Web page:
A wet winter and increased groundwater flow have raised water levels at the Canyon uranium mine near the South Rim of Grand Canyon National Park, stirring concerns among conservationists who fear the spread of uranium mines could contaminate water across the plateau.
The water levels at the Canyon mine were so high at one point last month that the mine’s operator had to spray water into the air to enhance evaporation and increase the amount of water it was hauling to its White Mesa Mill in Utah.
State regulators say they have not found any violations at the mine site and the mine’s operators say water levels have begun to drop.
Officials also downplay concern about polluted water escaping the site, where samples taken at the mine’s holding pond recently tested at 130 parts of dissolved uranium per billion. The Environmental Protection Agency considers anything above 30 parts per billion to be unsafe to drink.
A group of conservationists visited the mines last month and reported seeing mist from high-powered pumps blowing onto national forest lands.
“When we got there, we saw all this water being sprayed in the air and we thought, ‘Oh, that’s dust control,’ ” said Alicyn Gitlin, of the Sierra Club. They later learned that the company was trying to get water out of its evaporation pond.
The Arizona Department of Environmental Quality requires mines to control storm runoff and keep contaminated water in evaporation ponds.
But conservationists say the agency doesn’t do enough. They have also begun to point to a growing body of geological research indicating that wells, seeps and springs near the Grand Canyon may be connected, from the top of the rim to the Colorado River.
Conservation groups and the Havasupai Tribe, whose members live in the Grand Canyon, have worked unsuccessfully to block the mine, as well as a proliferation of uranium mining claims near the North Rim.
Curtis Moore, a spokesman for Energy Fuels Resources Inc., the mine operator, said in an email that the groundwater flows in the shaft have slowed recently, and evaporation pond levels have dropped.
Storm water runoff, groundwater fill pond
The company notified the ADEQ in January that a lined evaporation pond that captures storm-water runoff was getting full because of the wet winter weather. At the same time, groundwater began flowing out of the upper section of the shaft from a part of the aquifer that sits nearer to the surface.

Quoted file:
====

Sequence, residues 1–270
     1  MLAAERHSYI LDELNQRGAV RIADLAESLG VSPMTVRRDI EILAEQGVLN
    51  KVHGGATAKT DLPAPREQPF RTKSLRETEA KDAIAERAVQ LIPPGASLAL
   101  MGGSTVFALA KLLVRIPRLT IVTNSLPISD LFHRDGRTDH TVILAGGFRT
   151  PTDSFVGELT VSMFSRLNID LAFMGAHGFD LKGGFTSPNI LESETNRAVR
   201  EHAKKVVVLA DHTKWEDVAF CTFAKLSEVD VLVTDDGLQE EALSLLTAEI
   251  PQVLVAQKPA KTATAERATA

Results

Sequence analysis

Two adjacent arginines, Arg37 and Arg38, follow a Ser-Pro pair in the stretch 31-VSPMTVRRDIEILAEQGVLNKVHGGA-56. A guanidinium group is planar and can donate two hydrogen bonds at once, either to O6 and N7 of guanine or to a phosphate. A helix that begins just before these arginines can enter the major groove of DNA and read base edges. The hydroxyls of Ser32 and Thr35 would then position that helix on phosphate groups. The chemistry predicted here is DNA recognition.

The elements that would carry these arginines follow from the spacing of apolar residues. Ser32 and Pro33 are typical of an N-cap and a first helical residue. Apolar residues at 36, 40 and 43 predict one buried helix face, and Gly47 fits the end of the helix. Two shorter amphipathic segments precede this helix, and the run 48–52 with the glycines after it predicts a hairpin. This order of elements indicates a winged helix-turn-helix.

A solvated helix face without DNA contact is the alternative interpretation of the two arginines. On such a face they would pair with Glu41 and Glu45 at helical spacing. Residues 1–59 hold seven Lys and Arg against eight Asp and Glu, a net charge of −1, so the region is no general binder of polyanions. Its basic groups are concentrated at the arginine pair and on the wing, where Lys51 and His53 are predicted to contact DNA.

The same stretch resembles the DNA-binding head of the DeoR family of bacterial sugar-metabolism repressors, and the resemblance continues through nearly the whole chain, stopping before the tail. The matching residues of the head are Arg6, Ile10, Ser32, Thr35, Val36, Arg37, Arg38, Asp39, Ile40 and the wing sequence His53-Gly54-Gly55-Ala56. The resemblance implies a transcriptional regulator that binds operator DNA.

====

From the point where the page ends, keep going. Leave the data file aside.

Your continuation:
In January, Energy Fuels requested permission for higher water levels in its evaporation pond, to within one foot of the top of the pond, and indicated it would start using wastewater evaporation pumps known as Land Sharks. The machines can shoot water at a rate of up 110 gallons per minute, with water pressure at 100 PSI, according to the website for Resource West, which manufactures them.
“They were just blowing water into the air,” said Roger Clark, of the Grand Canyon Trust, who visited the site about a week ago.
By March 2, Energy Fuels wrote ADEQ to report that recent snowfall, along with “continued inflows” from groundwater in the shaft, prompted the company to add at least one more truck to its fleet to haul water away from the site.
On March 12, a Sunday, members of the Sierra Club said they saw mist blowing away from the mine.
On March 20, an ADEQ inspector visited the site and said there did not appear to be any violations, and that mist from the Land Sharks was “not drifting outside the property line.”
‘Actively monitoring the situation’
Various mine claims dating back to as far as the early 1950s still lay along the Parashant National Monument wilderness. Grand Canyon through hiker Rich Rudow shows what you can find if you decide to look into a claim. Thomas Hawthorne/azcentral.com
Since the Sierra Club visit, the Forest Service has sent people out to the mine daily, said Jacqueline Banks, a spokeswoman for Kaibab National Forest.
“We’ve been actively monitoring the situation,” Banks said.
Discharge from the aquifer has gone down from 18 gallons per minute to 8 gallons per minute, said Trevor Baggiore, a water quality director for ADEQ.
The department also monitors air quality outside the mine for dust, soot, smoke, particulate matter and uranium. All were well within safe levels, said Timothy Franquist, an air quality specialist for ADEQ.
Baggiore said that the pond levels were getting back to around two feet.
Mining industry advocates say that uranium mines are small, “dry” and pose no threat to drinking water.
Clark pointed out that Pinenut Mine, north of the Colorado River, filled with water when it was on standby, and that encountering water in the upper reaches of the aquifer shows how little geologists know about what lies underground.
“They are assuming that it’s a trapped body of water. And once it’s gone they can get back to mining,” he said. “But they don’t know that for sure.”
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